City & Government, Creswell

City leaders approve new loan program to help small businesses

CRESWELL — Money has freed up for small businesses affected by COVID-19 in city limits, thanks to an unfilled position in the City’s planning department. 

Creswell City Council on Monday authorized $30,000 from the Planning & Economic Development budget to be used for small business microloans through Community Lending Works. That amount can be increased to $50,000 if the city can leverage state funding through Business Oregon and secure a matching grant. 

City Manager Michelle Amberg said the push to create this program comes after several business owners expressed financial distress from the impacts of the pandemic. A potential loan like this could determine whether some Creswell business owners sink or swim.

“Many small shops run by owner-operators have not been eligible for unemployment until very recently,” Amberg said. “Additionally, the Paycheck Protection Program and CARES Act grants have been slow in coming, or extremely difficult for very small businesses to access.”

This crisis has been devastating for business owners, Creswell Mayor Richard Zettervall said, and “this microloan program could be the difference in reopening or not and for their survival. I do not want to see any of our small businesses fail.”

RAIN Oregon is acting as advisor for developing the program, and Community Lending Works will manage the program. 

“These loans could be used by our salons to create plexiglass barriers/shields which would create temporary cubicles that would meet the physical separation requirements so that they could open,” Amberg said. “It could be used to purchase disposable masks, large volumes of hand sanitizer and other supplies so that businesses with waiting areas, or that offer personal services could open. I would imagine that funds could be used to offset any programs or activities … such as developing an online presence and online product ordering systems to reduce physical contact.”

There are some conditions on how the match money from the state is spent, however. The money from the state must go to underrepresented communities, cannot go to a business with more than 25 employees, and cannot go to a business that already secured PPP or other federal emergency assistance, Amberg said.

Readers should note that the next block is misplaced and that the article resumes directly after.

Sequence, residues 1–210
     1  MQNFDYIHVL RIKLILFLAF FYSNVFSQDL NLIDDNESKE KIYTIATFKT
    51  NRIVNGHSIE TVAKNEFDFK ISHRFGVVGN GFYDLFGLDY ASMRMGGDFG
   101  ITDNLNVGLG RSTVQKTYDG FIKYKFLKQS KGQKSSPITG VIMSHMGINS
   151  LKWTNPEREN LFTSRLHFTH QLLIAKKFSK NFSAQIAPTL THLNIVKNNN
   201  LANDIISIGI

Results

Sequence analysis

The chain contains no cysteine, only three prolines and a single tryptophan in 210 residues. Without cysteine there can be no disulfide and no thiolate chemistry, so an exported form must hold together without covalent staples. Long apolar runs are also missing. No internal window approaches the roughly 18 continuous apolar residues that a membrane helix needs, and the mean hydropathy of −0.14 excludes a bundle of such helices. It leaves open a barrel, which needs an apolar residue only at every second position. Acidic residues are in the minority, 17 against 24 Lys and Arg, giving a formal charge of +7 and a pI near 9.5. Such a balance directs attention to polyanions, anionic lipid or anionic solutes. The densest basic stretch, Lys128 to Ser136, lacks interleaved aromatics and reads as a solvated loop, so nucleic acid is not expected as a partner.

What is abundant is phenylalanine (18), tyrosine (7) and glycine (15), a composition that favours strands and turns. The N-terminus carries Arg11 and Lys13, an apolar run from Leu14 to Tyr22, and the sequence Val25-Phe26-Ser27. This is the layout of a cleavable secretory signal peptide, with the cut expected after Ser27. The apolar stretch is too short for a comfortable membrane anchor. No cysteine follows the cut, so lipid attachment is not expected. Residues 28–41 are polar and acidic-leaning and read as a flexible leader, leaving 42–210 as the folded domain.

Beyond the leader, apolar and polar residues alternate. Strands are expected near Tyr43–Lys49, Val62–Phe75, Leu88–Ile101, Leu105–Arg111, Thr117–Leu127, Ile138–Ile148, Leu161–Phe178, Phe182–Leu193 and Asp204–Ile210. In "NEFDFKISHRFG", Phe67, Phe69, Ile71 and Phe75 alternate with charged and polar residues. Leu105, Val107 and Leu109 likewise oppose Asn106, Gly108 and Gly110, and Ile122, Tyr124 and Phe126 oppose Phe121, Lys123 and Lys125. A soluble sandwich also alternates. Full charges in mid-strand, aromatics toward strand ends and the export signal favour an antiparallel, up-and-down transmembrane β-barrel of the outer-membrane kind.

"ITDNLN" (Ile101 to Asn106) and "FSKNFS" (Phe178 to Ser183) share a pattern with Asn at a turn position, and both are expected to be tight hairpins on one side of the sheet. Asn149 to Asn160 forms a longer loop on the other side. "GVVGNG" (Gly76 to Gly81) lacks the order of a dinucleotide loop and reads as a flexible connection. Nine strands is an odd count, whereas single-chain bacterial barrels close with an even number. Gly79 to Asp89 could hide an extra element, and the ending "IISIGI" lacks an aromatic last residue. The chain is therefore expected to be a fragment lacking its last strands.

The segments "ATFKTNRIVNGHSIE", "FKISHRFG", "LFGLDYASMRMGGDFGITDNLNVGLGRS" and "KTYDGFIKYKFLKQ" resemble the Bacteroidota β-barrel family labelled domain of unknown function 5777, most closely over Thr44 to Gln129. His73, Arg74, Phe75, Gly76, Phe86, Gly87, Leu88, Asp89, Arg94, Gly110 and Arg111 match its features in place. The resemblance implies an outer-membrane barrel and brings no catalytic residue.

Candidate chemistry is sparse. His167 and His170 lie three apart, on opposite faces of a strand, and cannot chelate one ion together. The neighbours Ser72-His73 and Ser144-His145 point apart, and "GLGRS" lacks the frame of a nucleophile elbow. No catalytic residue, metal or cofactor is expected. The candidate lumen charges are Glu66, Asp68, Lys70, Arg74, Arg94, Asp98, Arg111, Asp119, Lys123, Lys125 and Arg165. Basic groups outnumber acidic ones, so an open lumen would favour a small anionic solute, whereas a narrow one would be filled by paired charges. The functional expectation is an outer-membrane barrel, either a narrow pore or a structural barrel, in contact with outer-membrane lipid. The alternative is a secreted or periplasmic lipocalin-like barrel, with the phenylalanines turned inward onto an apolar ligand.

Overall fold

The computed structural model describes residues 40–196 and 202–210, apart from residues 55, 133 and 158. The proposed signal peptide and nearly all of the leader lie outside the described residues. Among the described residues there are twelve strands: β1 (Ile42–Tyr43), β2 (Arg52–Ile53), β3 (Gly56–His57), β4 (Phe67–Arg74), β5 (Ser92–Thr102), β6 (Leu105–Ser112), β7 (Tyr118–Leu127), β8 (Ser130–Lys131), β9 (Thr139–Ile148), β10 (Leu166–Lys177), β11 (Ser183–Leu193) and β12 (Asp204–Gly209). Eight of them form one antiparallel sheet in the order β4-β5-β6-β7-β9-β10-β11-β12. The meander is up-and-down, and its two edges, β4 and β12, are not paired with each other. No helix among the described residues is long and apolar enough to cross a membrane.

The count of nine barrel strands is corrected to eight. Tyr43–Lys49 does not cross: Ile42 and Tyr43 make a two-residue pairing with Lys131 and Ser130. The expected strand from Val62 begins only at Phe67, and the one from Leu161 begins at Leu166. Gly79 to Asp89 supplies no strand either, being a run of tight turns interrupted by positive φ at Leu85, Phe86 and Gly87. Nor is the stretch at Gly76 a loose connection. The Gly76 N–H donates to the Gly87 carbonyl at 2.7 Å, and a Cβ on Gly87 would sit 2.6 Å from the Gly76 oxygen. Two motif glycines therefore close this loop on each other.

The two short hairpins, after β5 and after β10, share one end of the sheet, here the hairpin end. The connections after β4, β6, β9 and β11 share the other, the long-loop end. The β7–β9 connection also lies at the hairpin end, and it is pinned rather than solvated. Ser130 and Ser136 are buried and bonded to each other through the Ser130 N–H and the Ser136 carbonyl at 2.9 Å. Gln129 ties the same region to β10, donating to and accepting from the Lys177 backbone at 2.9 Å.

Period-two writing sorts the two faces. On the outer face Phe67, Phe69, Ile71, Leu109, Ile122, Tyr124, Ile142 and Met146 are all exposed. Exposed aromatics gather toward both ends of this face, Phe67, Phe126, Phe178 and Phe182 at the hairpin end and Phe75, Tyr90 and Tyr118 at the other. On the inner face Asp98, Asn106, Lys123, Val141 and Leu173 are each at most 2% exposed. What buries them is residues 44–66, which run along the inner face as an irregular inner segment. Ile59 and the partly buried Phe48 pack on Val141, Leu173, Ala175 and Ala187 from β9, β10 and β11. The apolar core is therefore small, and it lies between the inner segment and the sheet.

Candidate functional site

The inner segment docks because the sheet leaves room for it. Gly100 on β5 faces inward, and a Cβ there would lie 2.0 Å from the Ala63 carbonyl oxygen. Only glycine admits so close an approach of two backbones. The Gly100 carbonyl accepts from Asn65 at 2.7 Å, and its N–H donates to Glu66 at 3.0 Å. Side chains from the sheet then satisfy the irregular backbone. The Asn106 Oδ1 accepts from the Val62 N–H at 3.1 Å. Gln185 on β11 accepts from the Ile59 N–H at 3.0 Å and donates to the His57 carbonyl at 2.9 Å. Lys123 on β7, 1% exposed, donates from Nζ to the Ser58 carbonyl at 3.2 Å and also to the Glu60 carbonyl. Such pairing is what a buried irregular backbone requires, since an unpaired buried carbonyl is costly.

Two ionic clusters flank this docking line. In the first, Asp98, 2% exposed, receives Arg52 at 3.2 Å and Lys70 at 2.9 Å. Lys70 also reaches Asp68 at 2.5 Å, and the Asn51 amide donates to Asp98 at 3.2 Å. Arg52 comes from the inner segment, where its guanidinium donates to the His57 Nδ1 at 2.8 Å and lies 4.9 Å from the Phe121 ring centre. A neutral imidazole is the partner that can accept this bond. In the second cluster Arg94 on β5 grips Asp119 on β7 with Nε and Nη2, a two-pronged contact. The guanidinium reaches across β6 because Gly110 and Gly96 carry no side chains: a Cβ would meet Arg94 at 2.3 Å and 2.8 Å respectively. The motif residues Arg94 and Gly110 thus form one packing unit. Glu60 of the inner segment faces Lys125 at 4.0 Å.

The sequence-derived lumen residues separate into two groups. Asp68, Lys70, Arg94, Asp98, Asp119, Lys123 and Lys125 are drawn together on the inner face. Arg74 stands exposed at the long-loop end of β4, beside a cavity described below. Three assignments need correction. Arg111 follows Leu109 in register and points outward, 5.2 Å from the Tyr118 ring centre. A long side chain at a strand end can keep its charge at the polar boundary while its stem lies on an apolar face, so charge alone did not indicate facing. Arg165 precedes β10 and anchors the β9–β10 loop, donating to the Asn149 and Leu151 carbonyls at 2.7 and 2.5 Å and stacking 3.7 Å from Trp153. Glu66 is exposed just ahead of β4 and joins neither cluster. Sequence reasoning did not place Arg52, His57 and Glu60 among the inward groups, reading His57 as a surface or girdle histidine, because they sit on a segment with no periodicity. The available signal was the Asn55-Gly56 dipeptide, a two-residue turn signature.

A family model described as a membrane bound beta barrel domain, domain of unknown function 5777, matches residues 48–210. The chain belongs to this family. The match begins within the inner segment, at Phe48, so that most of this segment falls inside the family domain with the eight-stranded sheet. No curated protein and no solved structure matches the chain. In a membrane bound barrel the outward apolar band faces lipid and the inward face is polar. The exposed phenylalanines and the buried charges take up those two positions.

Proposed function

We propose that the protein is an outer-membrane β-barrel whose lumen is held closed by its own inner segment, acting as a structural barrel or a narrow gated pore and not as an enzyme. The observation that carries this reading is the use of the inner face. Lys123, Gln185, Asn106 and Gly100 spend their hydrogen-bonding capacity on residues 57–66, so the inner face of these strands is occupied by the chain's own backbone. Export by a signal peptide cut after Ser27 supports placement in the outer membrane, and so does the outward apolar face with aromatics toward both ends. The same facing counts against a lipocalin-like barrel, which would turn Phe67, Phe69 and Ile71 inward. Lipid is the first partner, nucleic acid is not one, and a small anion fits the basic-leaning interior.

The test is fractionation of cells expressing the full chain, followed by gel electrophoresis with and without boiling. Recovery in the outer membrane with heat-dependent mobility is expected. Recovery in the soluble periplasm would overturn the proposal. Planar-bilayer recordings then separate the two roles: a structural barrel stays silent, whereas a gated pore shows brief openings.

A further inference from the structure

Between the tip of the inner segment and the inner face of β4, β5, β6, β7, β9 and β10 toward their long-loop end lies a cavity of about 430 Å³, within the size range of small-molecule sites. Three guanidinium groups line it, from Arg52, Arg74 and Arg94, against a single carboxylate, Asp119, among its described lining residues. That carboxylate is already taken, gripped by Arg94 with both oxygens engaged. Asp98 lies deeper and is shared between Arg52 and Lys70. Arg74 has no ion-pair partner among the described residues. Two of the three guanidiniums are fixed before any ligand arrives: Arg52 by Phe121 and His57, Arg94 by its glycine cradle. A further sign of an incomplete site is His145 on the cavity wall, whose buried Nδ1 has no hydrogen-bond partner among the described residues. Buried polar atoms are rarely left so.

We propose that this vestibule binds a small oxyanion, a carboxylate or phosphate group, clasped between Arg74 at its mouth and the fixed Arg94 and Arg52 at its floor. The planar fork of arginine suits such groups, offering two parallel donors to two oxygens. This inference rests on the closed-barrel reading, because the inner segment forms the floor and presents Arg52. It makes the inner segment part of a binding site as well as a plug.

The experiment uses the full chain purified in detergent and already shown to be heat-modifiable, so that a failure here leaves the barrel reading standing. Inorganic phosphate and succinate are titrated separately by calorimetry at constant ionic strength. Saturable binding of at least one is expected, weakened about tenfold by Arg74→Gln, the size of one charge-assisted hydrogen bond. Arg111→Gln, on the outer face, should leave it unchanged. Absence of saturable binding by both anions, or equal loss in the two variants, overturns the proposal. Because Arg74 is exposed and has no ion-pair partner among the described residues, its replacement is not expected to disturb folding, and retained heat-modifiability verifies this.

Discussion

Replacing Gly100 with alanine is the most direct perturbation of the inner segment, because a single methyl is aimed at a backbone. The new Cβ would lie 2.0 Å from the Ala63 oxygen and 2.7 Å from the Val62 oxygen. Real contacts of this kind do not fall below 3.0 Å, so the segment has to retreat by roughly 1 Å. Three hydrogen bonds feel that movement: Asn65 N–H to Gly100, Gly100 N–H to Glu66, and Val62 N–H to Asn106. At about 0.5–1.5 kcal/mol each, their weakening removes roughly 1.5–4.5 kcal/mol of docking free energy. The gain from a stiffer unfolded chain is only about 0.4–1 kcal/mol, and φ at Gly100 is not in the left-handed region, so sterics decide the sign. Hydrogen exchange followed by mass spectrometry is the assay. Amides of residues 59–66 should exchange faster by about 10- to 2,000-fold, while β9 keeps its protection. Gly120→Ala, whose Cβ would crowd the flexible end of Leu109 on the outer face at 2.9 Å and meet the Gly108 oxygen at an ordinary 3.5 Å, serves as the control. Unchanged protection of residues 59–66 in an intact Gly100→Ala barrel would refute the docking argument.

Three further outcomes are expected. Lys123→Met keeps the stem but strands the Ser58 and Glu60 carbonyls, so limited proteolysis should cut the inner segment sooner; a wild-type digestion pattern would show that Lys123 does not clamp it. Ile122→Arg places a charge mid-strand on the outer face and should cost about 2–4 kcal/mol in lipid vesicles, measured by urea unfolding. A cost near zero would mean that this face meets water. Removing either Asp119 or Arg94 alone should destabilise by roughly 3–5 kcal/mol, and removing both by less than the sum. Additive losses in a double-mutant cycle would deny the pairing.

If businesses were to qualify for money, owners could choose whether to go through the grant or the loan process for their business. The city is proposing a combined program that would include both loans and grants, in which business owners could choose which one to pursue, Amberg said, though all grants have to be expended by June 30.

The city manager said they have $30,000 in the budget available because a planning specialist was never hired for the City. “We are fortunate we didn’t fill that position,” Amberg said. “That is the only reason we can put this money into the program, or I wouldn’t even be here talking to you about this.” She said that the pandemic comes late in the budget season, and for other small cities freeing up money in the budget like this is not even an option. 

In earlier attempts to secure a manager for the loans, Amberg “received some very sage advice … It is far more prudent for the city to partner with another agency who would run the program with funds provided by the city.”

RAIN Oregon suggested a regional approach to the microloan that could be managed by Community Lending Works, but even with several small cities like Oakridge, Lowell, Veneta and Florence participating, they could not collectively scrape together $100,000, Amberg said, and Community Lending Works will only manage an account of $100,000 or more.

“What we are hoping is that there will be a consortium approach, and that the account would be managed by Community Lending Works,” Amberg said. 

“This is by far the best way to go,” Zettervall said. “I wasn’t sure the city was going to have the opportunity to do this, so this is great.”

Amberg said the program will be reviewed on Friday, and will be submitted to the state on Monday and was promised a quick response from the state. 

“I like the idea of a revolving microloan, an incentive to bring more business to town,” Amberg said. “I don’t see this loan going away. I want to see this continue on after COVID-19.”



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